• Advanced ($299/mo.): 2.4% + $0.30

Shopify + Alternative Gateway (Generic Example)

  • Basic ($29/mo.): 2.9% + $0.30, + 2.0% Shopify fee = 4.9% + $0.30
  • Shopify ($79/mo.): 2.9% + $0.30, + 1.0% Shopify fee = 3.9% + $0.30
  • Advanced ($299/mo.): 2.9% + 0.30, + 0.5% Shopify fee = 3.4% + $0.30

Another twist is that Shopify Payments is currently only available for businesses located in 10 countries, so you’re stuck with an alternative gateway and that pesky Shopify transaction fee if your country isn’t included. (Squarespace at least doesn’t punish you for something you can’t control — your location.) On the flip side, if you are in one of the supported countries, you could opt to use Shopify Payments in addition to any of the other gateways Shopify offers to increase your customers’ payment options.

In a perfect world, both platforms would let you pick your own processor from among many, and never penalize you with extra transaction fees for any reason! Both Shopify and Squarespace have their own flaws in this regard.

So, what does this all mean for your business? The short answer is math. To determine the real winner in this category for your own company, you must consider your monthly subscription cost to either platform, your average number of transactions per month, and your average transaction size — not to mention the countries and currencies involved. Because the best platform and subscription level for your business depends on these and other factors, I award Shopify the payment processing win for at least making things interesting!

Customer Service & Technical Support

Winner: Shopify

In terms of overall quality of customer support, both Shopify and Squarespace receive mixed user reviews. That said, Merchant Maverick’s own experiences with customer service and technical support would award Shopify the victory in this category. We’ve had better luck contacting the Shopify support team through the available channels — even when they’ve been unaware that we are software reviewers on the prowl.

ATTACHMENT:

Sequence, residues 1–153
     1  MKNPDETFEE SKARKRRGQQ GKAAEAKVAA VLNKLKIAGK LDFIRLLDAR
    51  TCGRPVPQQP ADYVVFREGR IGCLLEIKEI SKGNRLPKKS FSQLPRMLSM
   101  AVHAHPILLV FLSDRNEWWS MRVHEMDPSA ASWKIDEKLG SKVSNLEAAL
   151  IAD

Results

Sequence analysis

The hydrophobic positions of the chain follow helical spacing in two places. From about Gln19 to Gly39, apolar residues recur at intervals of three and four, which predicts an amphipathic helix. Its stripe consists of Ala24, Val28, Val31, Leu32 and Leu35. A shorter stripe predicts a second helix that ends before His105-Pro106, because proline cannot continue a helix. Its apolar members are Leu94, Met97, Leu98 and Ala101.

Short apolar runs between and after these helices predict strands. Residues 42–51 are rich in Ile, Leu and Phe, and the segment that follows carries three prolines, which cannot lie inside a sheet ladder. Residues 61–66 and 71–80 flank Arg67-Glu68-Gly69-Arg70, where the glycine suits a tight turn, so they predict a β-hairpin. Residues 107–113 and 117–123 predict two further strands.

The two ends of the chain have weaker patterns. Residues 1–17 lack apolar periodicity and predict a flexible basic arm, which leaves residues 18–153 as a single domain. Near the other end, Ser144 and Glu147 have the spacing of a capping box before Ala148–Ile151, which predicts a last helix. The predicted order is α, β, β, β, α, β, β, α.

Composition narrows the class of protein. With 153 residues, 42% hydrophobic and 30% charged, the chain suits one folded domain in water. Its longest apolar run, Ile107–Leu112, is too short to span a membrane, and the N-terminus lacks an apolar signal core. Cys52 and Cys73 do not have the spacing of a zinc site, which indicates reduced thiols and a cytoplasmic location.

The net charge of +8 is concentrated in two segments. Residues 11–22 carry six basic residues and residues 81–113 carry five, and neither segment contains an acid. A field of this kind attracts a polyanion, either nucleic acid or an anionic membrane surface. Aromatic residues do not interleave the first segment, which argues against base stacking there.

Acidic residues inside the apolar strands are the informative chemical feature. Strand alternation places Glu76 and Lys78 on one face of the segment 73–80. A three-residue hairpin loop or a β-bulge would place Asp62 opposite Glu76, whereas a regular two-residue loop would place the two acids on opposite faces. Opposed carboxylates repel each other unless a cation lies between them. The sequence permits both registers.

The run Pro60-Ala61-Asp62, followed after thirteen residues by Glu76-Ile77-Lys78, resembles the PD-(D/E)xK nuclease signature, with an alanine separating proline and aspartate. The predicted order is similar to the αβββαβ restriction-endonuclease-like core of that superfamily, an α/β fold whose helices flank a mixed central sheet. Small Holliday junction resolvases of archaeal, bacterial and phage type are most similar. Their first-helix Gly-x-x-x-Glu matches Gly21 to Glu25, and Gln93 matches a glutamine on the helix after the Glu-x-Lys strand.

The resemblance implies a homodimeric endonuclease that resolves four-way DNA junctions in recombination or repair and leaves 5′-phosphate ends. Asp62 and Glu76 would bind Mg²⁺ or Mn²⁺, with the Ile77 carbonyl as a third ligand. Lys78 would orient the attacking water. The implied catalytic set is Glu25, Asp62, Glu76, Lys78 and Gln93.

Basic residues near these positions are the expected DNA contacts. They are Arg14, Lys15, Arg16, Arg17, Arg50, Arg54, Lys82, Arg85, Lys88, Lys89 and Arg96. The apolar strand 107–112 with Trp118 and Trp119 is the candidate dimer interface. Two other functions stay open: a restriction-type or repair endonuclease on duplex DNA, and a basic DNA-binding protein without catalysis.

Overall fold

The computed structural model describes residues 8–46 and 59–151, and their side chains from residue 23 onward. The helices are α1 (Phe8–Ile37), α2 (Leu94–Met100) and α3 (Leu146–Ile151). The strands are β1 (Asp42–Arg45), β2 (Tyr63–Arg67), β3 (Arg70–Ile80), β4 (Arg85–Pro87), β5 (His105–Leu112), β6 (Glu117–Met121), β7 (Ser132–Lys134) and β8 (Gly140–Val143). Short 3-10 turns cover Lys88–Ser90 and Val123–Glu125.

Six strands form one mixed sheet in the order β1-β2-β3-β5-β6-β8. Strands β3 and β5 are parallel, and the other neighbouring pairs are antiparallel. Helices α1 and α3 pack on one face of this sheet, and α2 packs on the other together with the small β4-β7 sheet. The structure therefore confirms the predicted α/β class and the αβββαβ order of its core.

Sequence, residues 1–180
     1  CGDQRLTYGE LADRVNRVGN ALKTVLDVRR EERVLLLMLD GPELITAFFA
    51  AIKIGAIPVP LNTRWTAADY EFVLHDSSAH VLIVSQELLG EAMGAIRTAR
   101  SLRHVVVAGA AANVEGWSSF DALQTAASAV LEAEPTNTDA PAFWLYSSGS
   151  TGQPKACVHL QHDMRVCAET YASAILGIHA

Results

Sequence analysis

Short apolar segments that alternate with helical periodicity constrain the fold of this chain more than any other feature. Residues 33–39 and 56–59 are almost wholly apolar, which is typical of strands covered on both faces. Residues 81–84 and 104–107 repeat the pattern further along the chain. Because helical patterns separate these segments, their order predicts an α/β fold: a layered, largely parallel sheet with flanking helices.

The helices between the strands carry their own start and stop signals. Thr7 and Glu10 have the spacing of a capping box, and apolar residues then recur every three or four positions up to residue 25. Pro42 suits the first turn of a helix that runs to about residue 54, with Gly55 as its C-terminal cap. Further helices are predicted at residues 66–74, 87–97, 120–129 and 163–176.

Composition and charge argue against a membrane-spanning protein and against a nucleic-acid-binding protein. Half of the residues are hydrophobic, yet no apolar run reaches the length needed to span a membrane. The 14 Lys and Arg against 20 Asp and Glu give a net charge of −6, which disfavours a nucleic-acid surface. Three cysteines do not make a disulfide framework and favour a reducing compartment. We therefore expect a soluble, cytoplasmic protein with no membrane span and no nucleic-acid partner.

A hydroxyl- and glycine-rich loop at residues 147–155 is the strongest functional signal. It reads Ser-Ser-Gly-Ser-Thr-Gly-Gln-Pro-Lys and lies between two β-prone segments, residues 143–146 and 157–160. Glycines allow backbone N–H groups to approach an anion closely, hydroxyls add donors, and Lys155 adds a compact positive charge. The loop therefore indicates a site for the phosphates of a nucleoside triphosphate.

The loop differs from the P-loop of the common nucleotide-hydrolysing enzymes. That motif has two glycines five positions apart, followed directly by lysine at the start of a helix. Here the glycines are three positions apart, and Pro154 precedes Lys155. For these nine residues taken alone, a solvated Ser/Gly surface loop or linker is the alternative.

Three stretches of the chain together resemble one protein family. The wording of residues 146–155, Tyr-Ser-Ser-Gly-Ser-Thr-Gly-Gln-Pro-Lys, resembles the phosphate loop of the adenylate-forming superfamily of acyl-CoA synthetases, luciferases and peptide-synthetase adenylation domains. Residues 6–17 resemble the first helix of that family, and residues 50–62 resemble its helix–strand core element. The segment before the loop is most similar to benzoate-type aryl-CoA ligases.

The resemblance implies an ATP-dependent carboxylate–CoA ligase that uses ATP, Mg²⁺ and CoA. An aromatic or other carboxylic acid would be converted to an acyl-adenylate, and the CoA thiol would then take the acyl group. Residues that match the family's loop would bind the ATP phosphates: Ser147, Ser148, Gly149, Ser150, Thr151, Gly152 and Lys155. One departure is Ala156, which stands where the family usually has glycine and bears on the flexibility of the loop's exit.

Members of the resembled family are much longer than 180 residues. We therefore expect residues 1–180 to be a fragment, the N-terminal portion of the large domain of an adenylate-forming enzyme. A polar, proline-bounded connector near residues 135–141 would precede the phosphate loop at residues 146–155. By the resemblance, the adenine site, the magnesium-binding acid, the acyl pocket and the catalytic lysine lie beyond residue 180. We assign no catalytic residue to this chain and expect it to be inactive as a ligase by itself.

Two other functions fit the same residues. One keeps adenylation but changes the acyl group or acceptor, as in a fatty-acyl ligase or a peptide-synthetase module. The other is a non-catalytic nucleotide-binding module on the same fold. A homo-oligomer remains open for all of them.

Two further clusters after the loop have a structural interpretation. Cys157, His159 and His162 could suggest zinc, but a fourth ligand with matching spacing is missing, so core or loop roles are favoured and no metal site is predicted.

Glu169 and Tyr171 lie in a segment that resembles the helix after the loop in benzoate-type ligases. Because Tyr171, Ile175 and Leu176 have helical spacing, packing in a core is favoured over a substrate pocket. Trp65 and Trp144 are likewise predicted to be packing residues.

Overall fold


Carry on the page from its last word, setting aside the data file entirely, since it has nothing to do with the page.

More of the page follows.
Shopify also has more available support channels and more open-hours. Take a look:

Shopify

  • Phone: 24/7
  • Email: 24/7
  • Live Chat: 24/7

Squarespace

  • Phone: None
  • Email: 24/7
  • Live Chat: Monday-Friday, 4AM-8PM

Squarespace publishes a whole manifesto on its website explaining why no phone support is offered if you’d like to read it for yourself. Although they don’t come right out and say it, the bottom line is that this helps keep overall costs down. Meanwhile, not being able to contact a live person (even via live chat) after 5pm Pacific time is pretty brutal if you’re running an online store. Squarespace should know better — ecommerce never sleeps:

One final note in this category: both platforms provide several self-help resources — community forums, blogs, video tutorials, webinars, knowledgebase articles, and the like. However, note that Shopify resources are 100% geared toward ecommerce, whereas you’ll have to wade through other topics to find ecommerce resources at the Squarespace site.